Can We Use Laminate Flooring over Wooden Flooring?

Yes, it is possible to use laminate flooring over existing wooden flooring, but there are several factors to consider to ensure a successful installation.

Laminate flooring is a synthetic flooring material composed of multiple layers fused together through lamination. Typically, it consists of a high-density fiberboard core, a photographic layer that mimics the appearance of wood, tile, or stone, and a protective top layer for durability. This versatile flooring option offers affordability, easy installation, and a wide range of designs and styles.

Preparation

Before installing laminate over wooden flooring, ensure that the existing surface is clean, level, and structurally sound. Remove any debris, adhesives, or protruding nails that may affect the new flooring’s integrity.

Moisture Barrier

Wooden flooring can be prone to moisture, which can damage laminate flooring over time. Install a moisture barrier, such as a plastic or foam underlayment, to protect the laminate from moisture seeping up from the wood.

Smooth Surface

Inspect the wooden flooring for any unevenness or imperfections. Sand down high spots and fill in low spots with a suitable filler to create a smooth and level surface for the laminate to lay on.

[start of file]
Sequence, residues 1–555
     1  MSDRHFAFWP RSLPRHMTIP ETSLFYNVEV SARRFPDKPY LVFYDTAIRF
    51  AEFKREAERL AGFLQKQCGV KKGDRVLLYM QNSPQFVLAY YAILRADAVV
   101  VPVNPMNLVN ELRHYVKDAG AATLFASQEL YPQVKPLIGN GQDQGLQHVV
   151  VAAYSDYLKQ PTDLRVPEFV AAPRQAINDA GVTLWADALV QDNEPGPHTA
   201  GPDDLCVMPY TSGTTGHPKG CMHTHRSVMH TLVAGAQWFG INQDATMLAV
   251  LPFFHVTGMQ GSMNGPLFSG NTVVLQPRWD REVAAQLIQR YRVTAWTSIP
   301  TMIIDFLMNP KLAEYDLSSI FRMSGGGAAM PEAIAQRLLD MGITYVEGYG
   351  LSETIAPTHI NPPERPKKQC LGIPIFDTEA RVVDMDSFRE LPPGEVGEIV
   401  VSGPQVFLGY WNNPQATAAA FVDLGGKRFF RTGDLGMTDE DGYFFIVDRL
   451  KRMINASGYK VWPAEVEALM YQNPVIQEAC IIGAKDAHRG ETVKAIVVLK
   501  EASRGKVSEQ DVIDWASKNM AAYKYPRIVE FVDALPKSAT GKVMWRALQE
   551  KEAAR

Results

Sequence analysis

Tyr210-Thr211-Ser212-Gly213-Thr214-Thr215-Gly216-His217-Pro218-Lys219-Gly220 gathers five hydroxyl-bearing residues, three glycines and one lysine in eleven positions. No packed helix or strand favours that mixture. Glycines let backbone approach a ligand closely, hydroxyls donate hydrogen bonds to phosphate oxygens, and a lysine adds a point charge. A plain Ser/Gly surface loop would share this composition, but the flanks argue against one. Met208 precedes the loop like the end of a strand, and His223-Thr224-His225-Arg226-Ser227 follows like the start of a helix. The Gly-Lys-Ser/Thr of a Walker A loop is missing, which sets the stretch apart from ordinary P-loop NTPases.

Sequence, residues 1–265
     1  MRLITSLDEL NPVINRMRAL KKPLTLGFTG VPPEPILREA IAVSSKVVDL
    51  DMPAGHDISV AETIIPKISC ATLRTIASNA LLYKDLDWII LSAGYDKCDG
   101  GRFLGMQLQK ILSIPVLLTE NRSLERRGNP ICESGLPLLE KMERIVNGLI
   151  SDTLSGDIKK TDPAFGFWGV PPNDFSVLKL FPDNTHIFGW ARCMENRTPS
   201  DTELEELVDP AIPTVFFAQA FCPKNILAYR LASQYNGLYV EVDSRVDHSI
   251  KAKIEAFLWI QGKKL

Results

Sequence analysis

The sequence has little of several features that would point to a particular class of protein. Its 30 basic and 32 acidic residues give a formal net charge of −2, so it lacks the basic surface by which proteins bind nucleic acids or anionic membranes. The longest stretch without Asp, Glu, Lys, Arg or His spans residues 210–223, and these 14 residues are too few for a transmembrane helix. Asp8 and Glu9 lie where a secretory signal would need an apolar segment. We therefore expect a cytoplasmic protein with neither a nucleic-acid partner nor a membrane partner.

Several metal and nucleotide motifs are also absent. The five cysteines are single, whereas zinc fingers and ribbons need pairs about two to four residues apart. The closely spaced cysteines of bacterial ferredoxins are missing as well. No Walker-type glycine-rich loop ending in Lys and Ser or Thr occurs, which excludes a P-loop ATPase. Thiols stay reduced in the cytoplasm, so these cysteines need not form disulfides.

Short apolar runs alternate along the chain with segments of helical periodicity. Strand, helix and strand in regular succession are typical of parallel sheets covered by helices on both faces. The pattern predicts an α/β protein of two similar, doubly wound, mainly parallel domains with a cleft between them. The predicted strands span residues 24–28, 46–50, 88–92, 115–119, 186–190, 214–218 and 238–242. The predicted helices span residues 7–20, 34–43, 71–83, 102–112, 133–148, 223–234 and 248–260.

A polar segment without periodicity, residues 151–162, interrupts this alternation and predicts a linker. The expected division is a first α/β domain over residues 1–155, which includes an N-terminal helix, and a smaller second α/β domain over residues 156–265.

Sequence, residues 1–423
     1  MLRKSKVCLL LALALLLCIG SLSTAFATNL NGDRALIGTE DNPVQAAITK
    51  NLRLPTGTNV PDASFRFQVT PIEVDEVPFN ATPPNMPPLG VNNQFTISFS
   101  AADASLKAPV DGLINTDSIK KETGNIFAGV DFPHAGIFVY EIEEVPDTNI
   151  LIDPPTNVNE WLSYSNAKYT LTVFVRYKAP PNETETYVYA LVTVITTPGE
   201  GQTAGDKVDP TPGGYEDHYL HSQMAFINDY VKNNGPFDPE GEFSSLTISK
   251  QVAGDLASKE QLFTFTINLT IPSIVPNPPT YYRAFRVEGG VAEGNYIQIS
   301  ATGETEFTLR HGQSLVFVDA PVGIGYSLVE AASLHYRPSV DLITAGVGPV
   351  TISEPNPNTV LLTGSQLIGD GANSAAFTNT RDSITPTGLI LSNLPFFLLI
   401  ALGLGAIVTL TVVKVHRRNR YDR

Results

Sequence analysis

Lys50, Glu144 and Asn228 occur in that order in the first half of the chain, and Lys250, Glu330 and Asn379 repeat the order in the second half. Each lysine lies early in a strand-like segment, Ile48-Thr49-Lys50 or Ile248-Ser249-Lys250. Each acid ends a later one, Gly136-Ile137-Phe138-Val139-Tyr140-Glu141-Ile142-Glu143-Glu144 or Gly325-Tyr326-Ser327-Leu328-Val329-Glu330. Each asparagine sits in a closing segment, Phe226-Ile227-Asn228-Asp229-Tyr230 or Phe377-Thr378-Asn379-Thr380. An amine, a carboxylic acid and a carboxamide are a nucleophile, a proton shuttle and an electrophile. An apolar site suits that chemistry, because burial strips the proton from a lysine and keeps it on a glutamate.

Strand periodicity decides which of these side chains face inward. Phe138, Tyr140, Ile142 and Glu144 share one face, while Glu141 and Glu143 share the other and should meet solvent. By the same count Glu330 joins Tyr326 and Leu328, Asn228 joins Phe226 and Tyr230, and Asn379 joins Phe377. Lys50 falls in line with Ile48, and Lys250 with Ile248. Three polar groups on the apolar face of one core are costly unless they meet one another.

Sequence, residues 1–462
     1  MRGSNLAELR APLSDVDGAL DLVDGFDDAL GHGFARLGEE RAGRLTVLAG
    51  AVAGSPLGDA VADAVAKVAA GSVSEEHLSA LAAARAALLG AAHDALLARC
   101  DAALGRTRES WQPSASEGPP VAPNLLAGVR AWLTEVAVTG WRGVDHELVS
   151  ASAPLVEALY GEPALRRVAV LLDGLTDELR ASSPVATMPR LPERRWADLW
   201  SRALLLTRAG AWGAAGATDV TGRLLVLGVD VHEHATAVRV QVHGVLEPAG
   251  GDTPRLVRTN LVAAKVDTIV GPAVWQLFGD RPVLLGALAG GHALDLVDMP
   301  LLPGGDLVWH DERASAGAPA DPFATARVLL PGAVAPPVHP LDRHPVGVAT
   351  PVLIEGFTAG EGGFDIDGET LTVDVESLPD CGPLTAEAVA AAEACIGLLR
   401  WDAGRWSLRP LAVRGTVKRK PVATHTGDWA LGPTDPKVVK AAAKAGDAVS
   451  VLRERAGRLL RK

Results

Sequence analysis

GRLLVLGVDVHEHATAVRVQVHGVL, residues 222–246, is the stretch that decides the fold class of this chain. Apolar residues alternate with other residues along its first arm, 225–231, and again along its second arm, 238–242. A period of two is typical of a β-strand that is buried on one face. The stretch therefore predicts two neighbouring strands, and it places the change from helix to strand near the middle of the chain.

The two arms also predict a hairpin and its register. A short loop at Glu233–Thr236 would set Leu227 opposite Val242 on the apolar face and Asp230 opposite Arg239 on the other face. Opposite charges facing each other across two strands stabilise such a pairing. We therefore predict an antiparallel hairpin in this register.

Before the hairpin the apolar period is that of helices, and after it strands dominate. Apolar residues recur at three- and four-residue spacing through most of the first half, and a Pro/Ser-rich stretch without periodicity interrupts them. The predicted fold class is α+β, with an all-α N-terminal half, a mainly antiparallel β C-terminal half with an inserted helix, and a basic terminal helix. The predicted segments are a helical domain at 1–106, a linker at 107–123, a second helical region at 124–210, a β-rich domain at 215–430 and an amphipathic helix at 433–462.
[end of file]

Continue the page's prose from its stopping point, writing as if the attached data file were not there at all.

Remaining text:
Expansion Gaps

Like any floating floor installation, laminate flooring requires expansion gaps around the perimeter of the room to allow for natural expansion and contraction due to changes in temperature and humidity. Leave a gap of at least ΒΌ inch between the laminate and walls or any fixed objects.

Underlayment

Consider using an underlayment specifically designed for laminate flooring to provide cushioning, sound absorption, and moisture protection. Some underlayments also come with added thermal insulation properties, improving the floor’s comfort.

Installation Method

Laminate flooring can be installed using various methods, such as click-lock, glue-down, or floating installations. For laying laminate over wooden flooring, a floating installation method is typically preferred as it allows the laminate planks to expand and contract freely.

Acclimatization

Before installation, allow the laminate flooring to acclimate to the room’s temperature and humidity levels for at least 48 hours. This helps prevent any warping or buckling of the laminate planks after installation.

Trimming and Transition Strips

You may need to trim door jambs, casings, and moldings to accommodate the height of the new laminate flooring. Additionally, use transition strips where the laminate meets other types of flooring to create a seamless transition and prevent tripping hazards.

Maintenance and Care

Once installed, laminate flooring is relatively low maintenance. Regular cleaning with a damp mop or vacuum will help keep it looking its best. Avoid using excessive water or harsh cleaning products, as these can damage the flooring.

Longevity and Durability

Properly installed laminate flooring can last for many years, providing a durable and attractive flooring option for your home. By following the recommended installation guidelines and maintenance practices, you can enjoy the benefits of laminate flooring over your existing wooden floor for years to come.

Recent Articles